As anger rises, thousands of Muslims protest French cartoons
Thousands of Muslims, from Pakistan to Lebanon to the Palestinian territories, poured out of prayer services to join anti-France protests on Friday, as the French president’s vow to protect the right to caricature the Prophet Muhammad continues to roil the Muslim world.
Demonstrations in Pakistan’s capital Islamabad turned violent as some 2,000 people who tried to march toward the French Embassy were pushed back by police firing tear gas and beating protesters with batons. Crowds of Islamist activists hanged an effigy of French President Emmanuel Macron from a highway overpass after pounding it furiously with their shoes. Several demonstrators were wounded in clashes with police and authorities deployed more security forces to protect the embassy.
In Pakistan’s eastern city of Lahore, thousands of worshippers celebrating the Mawlid, the birthday of the Prophet Muhammad, took to the streets, chanting anti-France slogans, raising banners and clogging major roads en route to a Sufi shrine. In Multan, a city in Pakistan’s eastern Punjab province, thousands more burned an effigy of Macron and demanded that Pakistan sever ties with France and boycott French goods.
In Jerusalem, hundreds of Palestinians protested against Macron outside the Al-Aqsa Mosque, the third holiest site in Islam, chanting, “With our souls and with our blood we sacrifice for our prophet, Muhammad.” Some youths scuffled with Israeli police as they exited the esplanade into the Old City. Israeli police said they successfully dispersed the gathering and detained three people.
A few hundred demonstrators in Lebanon’s capital Beirut flocked toward the Palais des Pins, the official residence of the French ambassador to Lebanon, but found their way blocked by lines of police officers in riot gear. Carrying black and white flags with Islamist insignia, the Sunni Islamist activists cried, “At your service, oh prophet of God.” Some slung stones at police who responded with tear gas.
Anti-France protests in Lebanon are an embarrassment for Prime Minister-designate Saad Hariri, who is trying to form a new government that would implement a French plan for reform in Lebanon. France, Lebanon’s former colonial ruler, has been helping chart a course for the country out of its severe economic and financial crisis.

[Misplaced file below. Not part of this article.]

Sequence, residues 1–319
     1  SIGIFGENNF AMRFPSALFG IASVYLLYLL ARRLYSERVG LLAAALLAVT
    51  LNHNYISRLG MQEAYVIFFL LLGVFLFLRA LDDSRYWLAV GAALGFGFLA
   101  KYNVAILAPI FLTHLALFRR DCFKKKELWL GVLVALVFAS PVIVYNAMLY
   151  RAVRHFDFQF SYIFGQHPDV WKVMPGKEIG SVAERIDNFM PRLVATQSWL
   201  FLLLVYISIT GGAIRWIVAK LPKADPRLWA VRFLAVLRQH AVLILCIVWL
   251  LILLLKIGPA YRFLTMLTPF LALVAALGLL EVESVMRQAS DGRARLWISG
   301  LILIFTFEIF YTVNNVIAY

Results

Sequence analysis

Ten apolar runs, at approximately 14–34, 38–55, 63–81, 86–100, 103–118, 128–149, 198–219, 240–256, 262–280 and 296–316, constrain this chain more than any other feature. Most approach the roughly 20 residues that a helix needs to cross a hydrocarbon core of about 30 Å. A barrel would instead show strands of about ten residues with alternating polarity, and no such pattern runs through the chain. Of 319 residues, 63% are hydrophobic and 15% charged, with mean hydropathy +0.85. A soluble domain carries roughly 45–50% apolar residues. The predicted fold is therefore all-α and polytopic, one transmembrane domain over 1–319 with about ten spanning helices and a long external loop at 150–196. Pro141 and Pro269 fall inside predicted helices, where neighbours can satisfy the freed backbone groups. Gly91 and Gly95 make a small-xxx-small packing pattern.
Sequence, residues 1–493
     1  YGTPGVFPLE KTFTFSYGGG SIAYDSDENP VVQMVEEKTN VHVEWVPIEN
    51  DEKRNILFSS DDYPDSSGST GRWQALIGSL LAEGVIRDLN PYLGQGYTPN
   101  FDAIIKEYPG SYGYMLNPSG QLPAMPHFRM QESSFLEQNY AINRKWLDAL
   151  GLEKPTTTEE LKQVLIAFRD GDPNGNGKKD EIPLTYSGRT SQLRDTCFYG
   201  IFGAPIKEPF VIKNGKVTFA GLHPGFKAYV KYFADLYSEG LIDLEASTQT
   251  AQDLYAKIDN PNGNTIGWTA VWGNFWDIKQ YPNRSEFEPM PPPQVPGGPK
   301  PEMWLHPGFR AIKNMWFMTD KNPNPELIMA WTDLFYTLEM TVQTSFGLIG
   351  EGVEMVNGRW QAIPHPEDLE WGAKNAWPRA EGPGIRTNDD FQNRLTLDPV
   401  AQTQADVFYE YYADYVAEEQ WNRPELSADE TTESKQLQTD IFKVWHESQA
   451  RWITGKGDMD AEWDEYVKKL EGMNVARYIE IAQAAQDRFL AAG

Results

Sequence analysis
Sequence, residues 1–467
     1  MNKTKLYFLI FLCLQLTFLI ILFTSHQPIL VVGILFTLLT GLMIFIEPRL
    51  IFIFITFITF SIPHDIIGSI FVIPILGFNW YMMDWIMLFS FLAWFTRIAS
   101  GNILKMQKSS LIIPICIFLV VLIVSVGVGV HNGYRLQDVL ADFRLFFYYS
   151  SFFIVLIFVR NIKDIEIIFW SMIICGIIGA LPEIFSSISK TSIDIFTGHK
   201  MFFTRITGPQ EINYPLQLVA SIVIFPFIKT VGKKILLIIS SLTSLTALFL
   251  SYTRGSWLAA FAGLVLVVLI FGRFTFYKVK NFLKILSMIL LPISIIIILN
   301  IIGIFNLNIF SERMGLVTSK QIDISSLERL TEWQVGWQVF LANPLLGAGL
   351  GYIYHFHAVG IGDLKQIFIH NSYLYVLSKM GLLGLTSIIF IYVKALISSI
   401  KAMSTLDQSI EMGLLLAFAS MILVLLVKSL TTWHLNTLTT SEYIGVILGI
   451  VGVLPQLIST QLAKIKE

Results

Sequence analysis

A huge crowd of some 50,000 noisily chanting protesters also rallied in Bangladesh’s capital of Dhaka, burning effigies of Macron and holding signs that read, “Say no to Islamophobia,” “Stop racism,” and “Boycott French products.” Authorities deployed hundreds of riot police and used barbed wire to cordon off the country’s main mosque.
In Afghanistan, members of the Islamist party Hezb-i-Islami set the French flag ablaze. Its leader, Gulbuddin Hekmatyar, warned Macron that if he doesn’t “control the situation, we are going to a third world war and Europe will be responsible.”
The protests come amid rising tensions between France and Muslim-majority nations, which flared up earlier this month when a young Muslim beheaded a French schoolteacher who had shown caricatures of the Prophet Muhammad in class.
Those images, republished by the satirical magazine Charlie Hebdo to mark the opening of the trial for the deadly 2015 attack against the publication, have stirred the ire of Muslims across the world who consider depictions of the prophet blasphemous.
A series of attacks that French authorities have attributed to Muslim extremism ensued. On Thursday, a knife-wielding Tunisian man carrying a copy of the Quran killed three people at a church in the Mediterranean city of Nice. That same day, a Saudi man stabbed and lightly wounded a security guard at the French consulate in Jiddah, Saudi Arabia, prompting France to urge its citizens there to be on “high alert.”
Over the past week, protests and calls to boycott French products have spread rapidly from Bangladesh to Pakistan to Kuwait. Social media has been pulsing with anti-France hashtags. Muslim leaders, Turkish President Recep Tayyip Erdogan in particular, have loudly criticized France for what they see as the government’s provocative and anti-Muslim stance.
Thursday’s attack in Nice also drew condemnations from leaders of countries that had voiced outrage over the caricatures, such as Saudi Arabia, Pakistan and Egypt.
In a Friday sermon aired live on Egyptian state TV, the country’s minister of religious endowments appeared to denounce any violent retaliation for the cartoons.
“Love of the prophet cannot be expressed by killing, sabotaging or responding to evil with evil,” said Mohamed Mokhtar Gomaa, addressing dozens of worshippers at a mosque in Egypt’s Delta province of Daqahleya.